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Wanted Dead, Not Alive: The Green Menace

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It’s been an interesting summer.  Lots of heat and not so much rain, for starters.  The combination of heat, drought, and subsequently stressed-out plants has made for banner years for many pests.  Some that are usually not even common enough to be a nuisance here at the Botanic Gardens have eliminated certain plants from gardens this year. 

One pest in particular has been on my mind a lot in recent weeks: Popillia japonica, the Japanese Beetle.  Japanese Beetles, as their name suggests, are native to eastern Asia but were introduced to the eastern United States nearly a century ago.  However, west of the Mississippi, they had been uncommon, and discovered populations usually become the target of aggressive eradication efforts.  One such effort eliminated them from the western slope of Colorado in the last decade.  

In fact, Colorado is one of nine states that enforce a Japanese Beetle quarantine.  The quarantine restricts the import of plants to Colorado from states to the East (plus New Mexico) to those that have been certified beetle-free, and it applies to everyone from the largest nurseries to the  home gardeners who send away for plants through the mail.  Violators face fines and mandatory pest treatment regimes.  Japanese Beetles—or more specifically, the exclusion and elimination of Japanese Beetles--are a priority for the Colorado Nursery Industry.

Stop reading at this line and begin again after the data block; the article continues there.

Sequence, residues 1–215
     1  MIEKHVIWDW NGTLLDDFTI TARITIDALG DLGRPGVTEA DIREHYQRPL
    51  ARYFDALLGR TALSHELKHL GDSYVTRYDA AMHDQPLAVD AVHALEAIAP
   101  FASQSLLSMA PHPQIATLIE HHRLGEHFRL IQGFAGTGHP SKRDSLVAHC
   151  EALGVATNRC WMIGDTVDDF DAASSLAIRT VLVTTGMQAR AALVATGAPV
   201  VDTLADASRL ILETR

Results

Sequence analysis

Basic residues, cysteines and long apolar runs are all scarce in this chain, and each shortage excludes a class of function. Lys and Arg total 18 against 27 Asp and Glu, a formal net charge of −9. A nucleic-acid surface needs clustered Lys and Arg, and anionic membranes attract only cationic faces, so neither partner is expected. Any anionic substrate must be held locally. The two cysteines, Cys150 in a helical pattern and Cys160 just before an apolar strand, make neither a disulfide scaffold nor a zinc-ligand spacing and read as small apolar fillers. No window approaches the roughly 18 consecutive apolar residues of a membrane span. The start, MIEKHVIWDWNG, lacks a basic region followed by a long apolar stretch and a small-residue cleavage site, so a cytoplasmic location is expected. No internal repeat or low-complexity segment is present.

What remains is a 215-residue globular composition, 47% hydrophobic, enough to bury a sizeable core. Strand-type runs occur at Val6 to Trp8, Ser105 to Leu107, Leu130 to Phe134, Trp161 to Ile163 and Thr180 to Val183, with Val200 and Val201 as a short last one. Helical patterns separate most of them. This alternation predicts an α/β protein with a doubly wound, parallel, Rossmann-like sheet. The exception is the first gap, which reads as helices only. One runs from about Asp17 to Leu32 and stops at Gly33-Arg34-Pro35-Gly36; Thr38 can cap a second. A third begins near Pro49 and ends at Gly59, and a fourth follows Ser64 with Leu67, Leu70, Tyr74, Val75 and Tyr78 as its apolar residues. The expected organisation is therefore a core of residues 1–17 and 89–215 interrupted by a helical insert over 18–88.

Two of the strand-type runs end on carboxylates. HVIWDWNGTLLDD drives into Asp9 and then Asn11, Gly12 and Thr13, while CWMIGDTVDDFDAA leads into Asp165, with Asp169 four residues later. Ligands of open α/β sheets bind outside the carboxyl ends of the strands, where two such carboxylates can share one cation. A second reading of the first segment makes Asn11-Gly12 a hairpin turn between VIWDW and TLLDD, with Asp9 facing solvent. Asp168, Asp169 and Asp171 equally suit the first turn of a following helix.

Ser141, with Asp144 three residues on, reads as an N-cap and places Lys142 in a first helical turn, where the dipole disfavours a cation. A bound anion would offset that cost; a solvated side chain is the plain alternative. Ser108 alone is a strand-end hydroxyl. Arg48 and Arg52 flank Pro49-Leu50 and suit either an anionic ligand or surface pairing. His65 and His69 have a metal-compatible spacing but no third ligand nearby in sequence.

Why?  Because Japanese Beetles are some of the most destructive plant pests around.  Slightly smaller than dimes, adult beetles will feed on hundreds of common landscape plants, reducing them to sticks and skeletonized leaves if left unchecked.  They are gregarious feeders, attracting other beetles with pheromones when a good food source is found.  Adult beetles appear as summer heats up—usually the end of June or so. They are attractive—metallic green and bronze, with white hairs arranged in patches down their sides.  By mid-July, they are mating and laying eggs (females lay 40-60 per year, in several clutches of around 5 eggs each), usually in turfgrass (although ornamental grasses are hosts as well).  Larvae will dine on grass roots through the fall and again in spring before pupation. 

Colorado has been monitoring for the Japanese Beetle since the mid-1990s.  A population established itself in the south metro-area in the early 2000s, and in Pueblo in 2009.  This year has seen first observances in central Denver, Boulder, and Fort Collins. 

What should you do if you find Japanese Beetles on your property?  Try to kill them.  Low populations of adults can be hand-picked and thrown into warm soapy water for a quick, clean kill.  Larger populations may require insecticide use.  Control of larvae is also important.  Treatment of turfgrass with insecticide in the early fall or early spring when the larvae are feeding has been effective in other parts of the country.  Milky-spore disease, a biological control for larvae, has received mixed reviews for effectiveness.  Drying out lawns is one of the most effective controls for the larval phase.  As grass goes dormant, the larvae starve.  (Considering the drought we’re in, drying out the lawn might be considered responsible anyway).

For more information on Japanese beetles and how to control them, visit the Colorado State Extension web page and the USDA-APHIS web page.

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